Principles

As part of the admissions process, institutions are responsible for determining students’ in-state/out-of-state status consistent with this policy.  Administrators interview students, review documentation and are in the best position to determine whether the student may be classified as in-state.  Each institution must designate an appropriate administrative official as responsible for administration of this policy.

The burden of proof to establish in-state status shall be upon the student.  Since residence or domicile is a matter of intent, each case will be judged on its own merit by the appropriate administrative officials consistent with this policy.  Mere assertion by a student such as checking “In-State” on the application for admission is insufficient. The appropriate administrative official must review relevant documents, consider the policy principles and procedures, circumstances, and documentation to determine in-state status.  While no set criteria, documentation, or set of circumstances can be used for this purpose, the principles outlined below guide the process.

A. Attendance at a postsecondary educational institution, albeit a continuous and long-term experience, does not establish in-state status. Therefore, a student neither gains nor loses in-state status solely by such attendance.

B. Students attending an Oklahoma college or university may perform many objective acts, some of which are required by law (i.e. payment of taxes), and all of which are customarily done by some out-of-state students who do not intend to remain in Oklahoma after graduation, but are situational and necessary and/or voluntary (i.e. registering to vote, obtaining a driver’s license).  Such acts and/or declarations alone are insufficient evidence of intent to remain in Oklahoma beyond the college experience.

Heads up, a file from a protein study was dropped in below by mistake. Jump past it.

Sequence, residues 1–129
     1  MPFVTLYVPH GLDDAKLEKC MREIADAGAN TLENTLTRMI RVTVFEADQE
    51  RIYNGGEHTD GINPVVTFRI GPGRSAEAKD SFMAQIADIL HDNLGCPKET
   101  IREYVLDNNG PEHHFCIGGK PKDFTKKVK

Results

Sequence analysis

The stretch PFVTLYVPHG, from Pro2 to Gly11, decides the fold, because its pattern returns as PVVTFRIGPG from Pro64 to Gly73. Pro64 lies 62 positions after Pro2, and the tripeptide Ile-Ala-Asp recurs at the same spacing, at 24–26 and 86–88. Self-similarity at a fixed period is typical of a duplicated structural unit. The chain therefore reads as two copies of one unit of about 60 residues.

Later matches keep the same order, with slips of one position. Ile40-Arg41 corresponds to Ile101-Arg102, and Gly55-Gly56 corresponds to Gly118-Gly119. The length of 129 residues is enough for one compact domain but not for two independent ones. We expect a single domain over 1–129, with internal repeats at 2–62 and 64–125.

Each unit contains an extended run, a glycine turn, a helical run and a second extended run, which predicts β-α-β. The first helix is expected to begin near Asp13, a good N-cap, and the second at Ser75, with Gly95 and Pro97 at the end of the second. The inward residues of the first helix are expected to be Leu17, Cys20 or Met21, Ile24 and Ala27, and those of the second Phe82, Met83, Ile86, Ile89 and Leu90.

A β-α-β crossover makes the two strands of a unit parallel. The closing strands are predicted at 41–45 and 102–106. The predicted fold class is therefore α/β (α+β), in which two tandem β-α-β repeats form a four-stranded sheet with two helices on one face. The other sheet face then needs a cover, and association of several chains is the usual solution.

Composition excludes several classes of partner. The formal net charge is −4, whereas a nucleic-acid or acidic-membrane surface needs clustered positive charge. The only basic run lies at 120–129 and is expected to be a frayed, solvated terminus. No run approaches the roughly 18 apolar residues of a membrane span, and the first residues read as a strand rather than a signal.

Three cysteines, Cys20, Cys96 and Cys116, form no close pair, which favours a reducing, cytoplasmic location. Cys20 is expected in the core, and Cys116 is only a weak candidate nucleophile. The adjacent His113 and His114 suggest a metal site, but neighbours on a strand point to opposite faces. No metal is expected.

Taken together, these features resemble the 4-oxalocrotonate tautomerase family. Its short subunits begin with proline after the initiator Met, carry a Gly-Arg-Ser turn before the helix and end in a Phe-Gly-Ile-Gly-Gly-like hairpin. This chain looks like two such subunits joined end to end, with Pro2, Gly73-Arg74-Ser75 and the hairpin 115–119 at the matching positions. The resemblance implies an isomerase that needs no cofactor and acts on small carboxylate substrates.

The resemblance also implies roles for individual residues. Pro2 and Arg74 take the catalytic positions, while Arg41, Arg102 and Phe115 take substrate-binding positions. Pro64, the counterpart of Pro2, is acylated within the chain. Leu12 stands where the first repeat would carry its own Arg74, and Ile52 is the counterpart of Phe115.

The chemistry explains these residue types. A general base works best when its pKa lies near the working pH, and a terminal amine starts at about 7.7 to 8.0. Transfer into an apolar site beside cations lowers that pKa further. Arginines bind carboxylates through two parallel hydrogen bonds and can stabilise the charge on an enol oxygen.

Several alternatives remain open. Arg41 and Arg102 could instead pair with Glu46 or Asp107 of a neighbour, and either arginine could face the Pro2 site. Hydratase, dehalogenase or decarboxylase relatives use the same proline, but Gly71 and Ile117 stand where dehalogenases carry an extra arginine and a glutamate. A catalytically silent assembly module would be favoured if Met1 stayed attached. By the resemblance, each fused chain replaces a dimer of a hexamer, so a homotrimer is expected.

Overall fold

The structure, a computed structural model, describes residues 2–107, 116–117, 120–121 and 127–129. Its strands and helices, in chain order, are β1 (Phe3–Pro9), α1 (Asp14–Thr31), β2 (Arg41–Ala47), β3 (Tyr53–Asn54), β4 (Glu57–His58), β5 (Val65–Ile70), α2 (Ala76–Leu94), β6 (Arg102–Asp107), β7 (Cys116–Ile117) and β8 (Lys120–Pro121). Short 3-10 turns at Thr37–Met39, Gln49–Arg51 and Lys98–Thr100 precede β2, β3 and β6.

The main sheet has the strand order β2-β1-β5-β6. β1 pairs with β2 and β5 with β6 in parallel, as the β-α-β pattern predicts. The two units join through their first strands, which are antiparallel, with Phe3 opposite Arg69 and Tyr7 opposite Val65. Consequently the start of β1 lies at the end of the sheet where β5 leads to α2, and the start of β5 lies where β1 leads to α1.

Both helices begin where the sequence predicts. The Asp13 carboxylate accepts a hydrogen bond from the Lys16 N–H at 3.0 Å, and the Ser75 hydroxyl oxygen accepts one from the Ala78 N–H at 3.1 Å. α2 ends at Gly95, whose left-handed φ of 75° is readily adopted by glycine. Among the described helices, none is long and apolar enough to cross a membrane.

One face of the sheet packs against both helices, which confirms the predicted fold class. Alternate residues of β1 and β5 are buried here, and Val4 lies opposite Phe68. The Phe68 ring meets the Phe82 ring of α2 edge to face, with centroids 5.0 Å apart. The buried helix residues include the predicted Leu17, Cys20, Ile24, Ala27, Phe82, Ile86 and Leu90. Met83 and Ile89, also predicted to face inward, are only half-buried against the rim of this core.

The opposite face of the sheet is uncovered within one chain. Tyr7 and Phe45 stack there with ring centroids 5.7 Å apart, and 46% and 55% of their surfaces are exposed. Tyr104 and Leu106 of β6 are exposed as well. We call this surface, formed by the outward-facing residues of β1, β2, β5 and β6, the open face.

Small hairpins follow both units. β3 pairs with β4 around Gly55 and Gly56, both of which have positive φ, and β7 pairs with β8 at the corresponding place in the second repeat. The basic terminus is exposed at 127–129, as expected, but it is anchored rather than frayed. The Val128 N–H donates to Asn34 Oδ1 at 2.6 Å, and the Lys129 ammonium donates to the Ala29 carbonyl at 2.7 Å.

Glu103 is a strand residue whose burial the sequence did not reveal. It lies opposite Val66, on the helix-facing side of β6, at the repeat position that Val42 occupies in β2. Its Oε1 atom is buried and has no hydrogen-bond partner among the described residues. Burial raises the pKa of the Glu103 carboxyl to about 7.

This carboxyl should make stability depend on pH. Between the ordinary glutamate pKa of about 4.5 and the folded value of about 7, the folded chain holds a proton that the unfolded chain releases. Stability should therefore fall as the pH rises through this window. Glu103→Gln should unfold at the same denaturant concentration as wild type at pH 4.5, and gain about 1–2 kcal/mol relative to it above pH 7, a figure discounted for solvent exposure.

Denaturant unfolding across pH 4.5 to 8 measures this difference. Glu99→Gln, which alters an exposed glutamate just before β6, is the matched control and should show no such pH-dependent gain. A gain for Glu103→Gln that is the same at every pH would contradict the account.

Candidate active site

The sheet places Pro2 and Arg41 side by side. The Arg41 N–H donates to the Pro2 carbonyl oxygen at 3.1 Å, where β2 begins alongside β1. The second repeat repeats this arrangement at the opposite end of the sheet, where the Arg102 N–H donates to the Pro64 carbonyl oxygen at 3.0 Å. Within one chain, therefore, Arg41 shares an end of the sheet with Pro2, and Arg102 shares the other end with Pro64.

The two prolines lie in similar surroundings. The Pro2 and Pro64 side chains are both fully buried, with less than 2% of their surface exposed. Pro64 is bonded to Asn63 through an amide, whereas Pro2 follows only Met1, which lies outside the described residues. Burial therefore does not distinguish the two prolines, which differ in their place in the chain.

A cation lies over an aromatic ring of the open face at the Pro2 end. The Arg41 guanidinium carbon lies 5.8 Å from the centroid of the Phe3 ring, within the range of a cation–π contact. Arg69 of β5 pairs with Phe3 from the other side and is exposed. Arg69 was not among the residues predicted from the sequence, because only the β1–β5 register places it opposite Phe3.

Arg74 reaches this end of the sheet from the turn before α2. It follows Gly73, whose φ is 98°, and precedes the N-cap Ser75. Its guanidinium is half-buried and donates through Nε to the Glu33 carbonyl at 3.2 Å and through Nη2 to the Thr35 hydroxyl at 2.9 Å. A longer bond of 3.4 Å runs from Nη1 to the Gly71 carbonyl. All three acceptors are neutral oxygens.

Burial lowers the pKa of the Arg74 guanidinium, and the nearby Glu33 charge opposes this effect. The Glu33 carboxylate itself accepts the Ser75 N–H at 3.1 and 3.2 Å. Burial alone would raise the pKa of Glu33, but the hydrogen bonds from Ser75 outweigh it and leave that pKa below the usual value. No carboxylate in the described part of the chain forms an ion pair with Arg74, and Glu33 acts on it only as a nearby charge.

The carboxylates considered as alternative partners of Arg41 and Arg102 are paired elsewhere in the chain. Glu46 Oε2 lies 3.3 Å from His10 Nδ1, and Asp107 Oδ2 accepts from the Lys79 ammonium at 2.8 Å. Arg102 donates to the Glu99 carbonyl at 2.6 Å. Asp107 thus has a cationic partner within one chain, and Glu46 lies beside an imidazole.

C. An out-of-state student attending an Oklahoma college or university on more than a half-time basis is presumed to be in the state primarily for educational purposes.

D. An individual is not deemed to have acquired in-state status until he or she has been in the state for at least a year primarily as a permanent resident and not primarily as a student. Likewise, an individual classified as in-state shall not be reclassified as out-of-state until 12 months after leaving Oklahoma to live in another state.

E. Unless residency has been established in another state, an individual who resided in Oklahoma at the time of graduation from an Oklahoma high school and has resided in the state with a parent or legal guardian for two years prior to graduation from high school will be eligible for in-state status.